Sunday, November 27, 2005
First, let me say this. I grew up loving movies, being inspired and altered by the oversized transcendent images on the screen as much as anyone else. But I don't head off to the mall cinemas much anymore. It's expensive and when I do go, I usually leave the theatre disappointed. After reading a four star review, and eagerly taking my seat with a four buck tub of popcorn and a three dollar soda, I end up feeling like I should have waited for the video. Or not bothered at all.
Rarely do I see a movie that causes me to rave like I do over a book, to hound everyone I know about seeing it, or to reflect on it so much (and so loudly) that I drive everyone in my house crazy. But last night, Capote proved an exception. I left the theatre in stunned silence, but by the time I reached the car, I was talking wildly--and I haven't stopped since. It also drove me back to the work of an author who clearly bears rereading.
Not only is this movie powerfully acted (Philip Seymour Hoffman absolutely becomes Truman Capote) and dramatically riveting, it is that rare thing: a deep and complex study of character, personal motivation, and morality. And it that weren't enough, it's also about a writer!
"It's as if Perry and I grew up in the same house. And one day he went out the back door and I went out the front."
Thus, Truman Capote described his relationship with the killer who brutally murdered a Kansas farm family for forty dollars. It would surely have become a forgotten event, except in the small community that was scarred by it, and Perry Smith, another anonymous psychopath, if Capote hadn't written IN COLD BLOOD. The book lifted Perry Smith from the ignominious grave he inhabited after his execution, and made Capote a multi-millionaire, and the "most famous writer in America". The author's hunger for that adulation is the driving force behind both IN COLD BLOOD, and his own demise.
In the film, we see Capote artfully seducing everyone in his path with a combination of charisma and searing intelligence. From the intellectuals of the New York literary scene who gather around him at parties to the dogged FBI agent who wants justice for the victims to the imprisoned killer, Capote exercises his powerful charm to get what he wants. And what he wants is a story--at any cost.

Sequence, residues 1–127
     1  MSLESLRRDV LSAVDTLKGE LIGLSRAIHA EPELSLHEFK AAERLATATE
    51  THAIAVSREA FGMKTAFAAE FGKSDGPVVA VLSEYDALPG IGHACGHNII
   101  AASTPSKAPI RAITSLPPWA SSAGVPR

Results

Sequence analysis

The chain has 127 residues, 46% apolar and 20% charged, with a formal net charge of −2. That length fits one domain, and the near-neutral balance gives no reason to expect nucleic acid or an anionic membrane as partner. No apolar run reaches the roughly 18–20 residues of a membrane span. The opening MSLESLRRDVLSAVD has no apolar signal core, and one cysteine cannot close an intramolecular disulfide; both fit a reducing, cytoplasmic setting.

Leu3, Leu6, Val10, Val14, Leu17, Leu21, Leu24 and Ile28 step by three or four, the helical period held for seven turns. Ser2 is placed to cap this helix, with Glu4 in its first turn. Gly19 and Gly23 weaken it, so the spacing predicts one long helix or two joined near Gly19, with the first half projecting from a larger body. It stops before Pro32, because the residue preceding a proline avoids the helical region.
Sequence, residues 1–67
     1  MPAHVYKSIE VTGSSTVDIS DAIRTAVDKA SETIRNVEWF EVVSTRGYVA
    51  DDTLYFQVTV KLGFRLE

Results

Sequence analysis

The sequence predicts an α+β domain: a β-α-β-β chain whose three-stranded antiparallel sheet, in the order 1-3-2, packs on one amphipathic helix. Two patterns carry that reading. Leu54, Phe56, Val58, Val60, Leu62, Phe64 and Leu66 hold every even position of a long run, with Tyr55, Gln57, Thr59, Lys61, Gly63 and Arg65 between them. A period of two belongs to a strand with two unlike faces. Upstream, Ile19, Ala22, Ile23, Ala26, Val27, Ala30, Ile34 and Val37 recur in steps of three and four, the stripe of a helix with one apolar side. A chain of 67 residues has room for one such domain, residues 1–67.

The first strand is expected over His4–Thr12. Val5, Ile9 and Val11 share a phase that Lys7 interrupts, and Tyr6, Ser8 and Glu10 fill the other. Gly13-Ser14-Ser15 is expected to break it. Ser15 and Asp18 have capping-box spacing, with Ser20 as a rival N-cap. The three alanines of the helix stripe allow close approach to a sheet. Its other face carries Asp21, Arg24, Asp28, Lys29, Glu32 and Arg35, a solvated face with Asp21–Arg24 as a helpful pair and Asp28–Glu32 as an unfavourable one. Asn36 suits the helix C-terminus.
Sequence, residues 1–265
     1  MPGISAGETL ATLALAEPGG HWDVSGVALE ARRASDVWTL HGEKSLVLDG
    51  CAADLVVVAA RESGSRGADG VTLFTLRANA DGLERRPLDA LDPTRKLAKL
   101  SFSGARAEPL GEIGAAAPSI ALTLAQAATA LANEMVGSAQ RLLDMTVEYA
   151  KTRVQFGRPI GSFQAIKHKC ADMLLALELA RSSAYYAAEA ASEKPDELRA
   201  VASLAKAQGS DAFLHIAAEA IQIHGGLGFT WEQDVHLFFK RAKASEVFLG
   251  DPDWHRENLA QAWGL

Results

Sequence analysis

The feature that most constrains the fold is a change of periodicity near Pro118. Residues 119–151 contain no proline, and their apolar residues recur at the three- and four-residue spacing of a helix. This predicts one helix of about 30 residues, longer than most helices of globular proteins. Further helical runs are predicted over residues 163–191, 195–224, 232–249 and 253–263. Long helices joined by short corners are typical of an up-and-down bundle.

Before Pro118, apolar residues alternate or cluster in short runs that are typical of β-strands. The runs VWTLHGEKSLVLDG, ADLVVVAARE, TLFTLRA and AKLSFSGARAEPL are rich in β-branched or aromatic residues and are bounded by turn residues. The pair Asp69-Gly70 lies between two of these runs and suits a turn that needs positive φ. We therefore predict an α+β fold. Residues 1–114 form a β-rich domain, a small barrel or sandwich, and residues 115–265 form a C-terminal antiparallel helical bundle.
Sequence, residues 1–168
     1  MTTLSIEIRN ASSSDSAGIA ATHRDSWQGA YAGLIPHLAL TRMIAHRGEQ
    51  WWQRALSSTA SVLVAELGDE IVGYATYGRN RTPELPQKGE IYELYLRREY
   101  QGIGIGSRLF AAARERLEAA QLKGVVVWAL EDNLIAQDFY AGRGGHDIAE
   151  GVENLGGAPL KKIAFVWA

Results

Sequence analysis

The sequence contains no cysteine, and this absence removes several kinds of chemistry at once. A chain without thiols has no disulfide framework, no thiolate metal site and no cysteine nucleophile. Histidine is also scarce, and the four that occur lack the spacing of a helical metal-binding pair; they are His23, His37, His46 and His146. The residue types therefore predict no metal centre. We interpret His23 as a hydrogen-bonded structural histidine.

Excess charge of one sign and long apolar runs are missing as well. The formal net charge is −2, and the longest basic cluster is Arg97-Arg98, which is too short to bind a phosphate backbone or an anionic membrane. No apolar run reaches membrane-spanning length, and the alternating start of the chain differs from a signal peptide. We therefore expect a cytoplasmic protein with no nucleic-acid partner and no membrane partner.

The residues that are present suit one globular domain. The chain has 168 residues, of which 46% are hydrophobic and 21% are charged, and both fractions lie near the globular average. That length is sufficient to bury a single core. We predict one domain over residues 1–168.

From a writer's perspective, he was also a master of hype. Long before he'd written a word of IN COLD BLOOD, he was trumpeting it as "the work he was born to write." He promised that when it appeared it "would change the way books were written." And when it did come out, reviewers dutifully repeated those words, hailing it as "the first non-fiction novel."
But the film is not about Capote's clever hype. It's not even about the crime described in his exhaustive and masterful account. It's about betrayal--betrayal of a particularly literary nature. After gaining Smith's trust and mining his story, Capote not only abandoned him, he abruptly withdrew any help in fighting Smith's execution. Further stays, it seemed, could only delay publication of his book.
Could Capote have saved the killer's life with his money and his powerful friends? Perhaps, but probably not. Thus, the betrayal was one of the heart more than anything else. And it is in the writer's heart that it festers.
Capote claimed that after working on the book for four years, he merely wanted a resolution. But the film strongly infers that once he had his story, he hoped for a dramatic denouement to his journalistic "novel". A denouement that could only be provided by Perry Smith's hanging.
It wasn't until he got what he wished for that Capote realized that his bond with the dichotomously cold-blooded and sensitive killer ran far deeper than he ever knew. He would never publish another novel. And in the end, the writer's death from alcoholism and spiralling drug abuse was nearly as lonely as that of his most famous subject.